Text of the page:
Renewables Not Enough: World Needs Democratic, Decentralized Energy, says Report

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Renewables Not Enough: World Needs Democratic, Decentralized Energy, says Report

'A timely and equitable energy transition can occur only with greater energy democracy, which requires that workers, communities, and the public at large have a real voice in decision making.'

'A timely and equitable energy transition can occur only with greater energy democracy.'(Image: Center for Social Inclusion)

In order to build an adequate low-carbon 21st century energy system that scientists have said is necessary to stave off the worst impacts of climate change, a new report argues that the world must look beyond large-scale, centralized renewable projects—such as industrial solar and wind farms—and take up efforts to build more democratically-controlled and decentralized power grids.

Contained as a chapter in the Worldwatch Institute's State of the World 2014: Governing for Sustainability, the research compiled by professor Sean Sweeney, who co-directs of the Global Labor Institute at Cornell University, says the world's energy systems must be "reclaimed to serve public interests, rather than focus on maximizing sales and profits" for the large corporations who now benefit from the burning of fossil fuels and the centralized grids that distribute most of the world's electricity.

"A timely and equitable energy transition can occur only with greater energy democracy, which requires that workers, communities, and the public at large have a real voice in decision making, and that the anarchy of liberalized energy markets is replaced with a comprehensive and planned approach," writes Sweeney.

According to a 2010 report (pdf) by the Center for Social Inclusion, true "energy democracy" is exemplifed by renewable energy projects that are "small-scale, locally owned or controlled" and  "structured to allow local investment, sweat equity, and a transparent process for setting fair [market] prices."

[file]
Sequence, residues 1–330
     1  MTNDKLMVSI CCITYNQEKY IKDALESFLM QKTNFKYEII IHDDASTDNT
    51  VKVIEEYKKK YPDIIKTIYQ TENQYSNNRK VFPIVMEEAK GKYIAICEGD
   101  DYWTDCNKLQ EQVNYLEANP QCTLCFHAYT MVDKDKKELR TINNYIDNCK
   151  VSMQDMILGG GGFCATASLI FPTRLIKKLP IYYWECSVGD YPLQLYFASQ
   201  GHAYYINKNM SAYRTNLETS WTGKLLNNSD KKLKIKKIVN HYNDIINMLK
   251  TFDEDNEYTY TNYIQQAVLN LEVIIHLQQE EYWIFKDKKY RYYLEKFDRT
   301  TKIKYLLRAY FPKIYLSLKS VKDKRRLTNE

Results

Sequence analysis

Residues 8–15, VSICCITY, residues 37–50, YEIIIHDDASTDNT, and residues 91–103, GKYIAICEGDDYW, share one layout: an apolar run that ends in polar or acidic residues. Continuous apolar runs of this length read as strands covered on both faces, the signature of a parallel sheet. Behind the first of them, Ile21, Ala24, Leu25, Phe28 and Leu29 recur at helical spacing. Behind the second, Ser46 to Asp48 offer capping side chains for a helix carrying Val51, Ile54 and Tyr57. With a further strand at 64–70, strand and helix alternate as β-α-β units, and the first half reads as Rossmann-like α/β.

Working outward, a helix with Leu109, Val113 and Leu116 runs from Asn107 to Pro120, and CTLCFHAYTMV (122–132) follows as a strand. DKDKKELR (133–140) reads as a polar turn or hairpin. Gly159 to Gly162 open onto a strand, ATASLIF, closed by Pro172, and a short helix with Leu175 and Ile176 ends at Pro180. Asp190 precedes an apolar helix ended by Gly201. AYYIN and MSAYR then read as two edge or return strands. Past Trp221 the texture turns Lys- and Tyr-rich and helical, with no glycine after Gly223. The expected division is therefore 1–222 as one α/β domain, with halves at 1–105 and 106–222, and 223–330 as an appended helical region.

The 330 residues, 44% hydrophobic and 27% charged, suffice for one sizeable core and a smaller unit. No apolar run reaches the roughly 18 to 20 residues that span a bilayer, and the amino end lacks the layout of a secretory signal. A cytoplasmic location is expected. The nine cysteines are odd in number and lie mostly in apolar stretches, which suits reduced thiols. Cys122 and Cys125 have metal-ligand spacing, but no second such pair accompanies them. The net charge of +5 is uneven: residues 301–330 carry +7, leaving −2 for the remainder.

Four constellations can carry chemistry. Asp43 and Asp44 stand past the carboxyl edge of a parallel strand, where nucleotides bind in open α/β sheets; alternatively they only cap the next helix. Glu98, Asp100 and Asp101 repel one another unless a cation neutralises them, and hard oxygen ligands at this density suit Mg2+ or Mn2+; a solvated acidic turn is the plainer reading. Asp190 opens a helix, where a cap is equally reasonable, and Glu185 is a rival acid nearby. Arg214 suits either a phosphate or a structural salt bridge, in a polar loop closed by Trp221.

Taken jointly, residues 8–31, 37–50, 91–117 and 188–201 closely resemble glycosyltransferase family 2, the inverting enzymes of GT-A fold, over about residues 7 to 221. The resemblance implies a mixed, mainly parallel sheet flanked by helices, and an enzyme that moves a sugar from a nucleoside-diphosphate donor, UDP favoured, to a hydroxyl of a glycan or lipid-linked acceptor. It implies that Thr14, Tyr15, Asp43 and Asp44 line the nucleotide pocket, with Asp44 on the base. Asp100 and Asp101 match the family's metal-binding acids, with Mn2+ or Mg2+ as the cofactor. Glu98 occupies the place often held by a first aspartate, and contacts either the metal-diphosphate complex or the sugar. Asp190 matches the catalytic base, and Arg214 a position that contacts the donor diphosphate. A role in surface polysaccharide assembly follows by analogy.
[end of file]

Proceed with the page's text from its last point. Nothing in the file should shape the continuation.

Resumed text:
In order to achieve energy democracy, Sweeney says, three key ingredients are needed. They are:

1. Resisting the dominant energy agenda. As of 2012, fossil fuel-producing companies and utilities represented 19 of the world's 50 leading corporations. Their revenue and their critical role in the world economy lend them substantial political influence and staying power. Resisting the agenda of these companies and their political allies—through informed policy changes and opposition to projects that present serious risks to workers, communities, and the environment—is an indispensable part of a democratic approach. But this does not mean uncritically embracing the agenda of large renewable energy companies.

2. Reclaiming the energy system for the public benefit. Privatization has led almost invariably to worsening working conditions, falling quality of service, and corporate oligarchies. But energy systems can be reclaimed to serve public interests, rather than focus on maximizing sales and profits. This method would return public control to parts of the energy sector that have been privatized and to public energy entities that are run like private companies, while reasserting the right to develop socially owned energy systems.

3. Restructuring the energy sector. Compared to the current centralized system, decentralized generation is likely to be more conducive to local control, opening up off-grid and mini-grid potential even for remote areas struggling with poverty. Renewable energy is poised to grow spectacularly in many countries, but the energy transition that the world desperately needs will happen only if changes in the energy system are carefully planned and coordinated nationally or regionally.

"So far the kind of global political framework that is needed to drive a truly green transition has failed to emerge," writes Sweeney. Though technically possible, he says the restructuring our energy system is being resisted by powerful forces.

And as the Worldwatch report states:

Although global society has largely ignored them, for years there have been alternatives to the dominant worldview that the natural world is a platorm for living situated in a warehouse of resources that are ours for the taking. Ecological economists and others repeatedly have made the case for operating within Earth’s system limits. Other eloquent voices have urged consideration of perspectives on the human place in the world that would enable and support this mode of operation.

What Sweeney argues is that this worldview must go from being part of the marginal debate, to the centerpiece of the story around climate and energy transformation. Democratic, decentralized power systems must go from being "technically possible," said Sweeney, to "politically irresistible."

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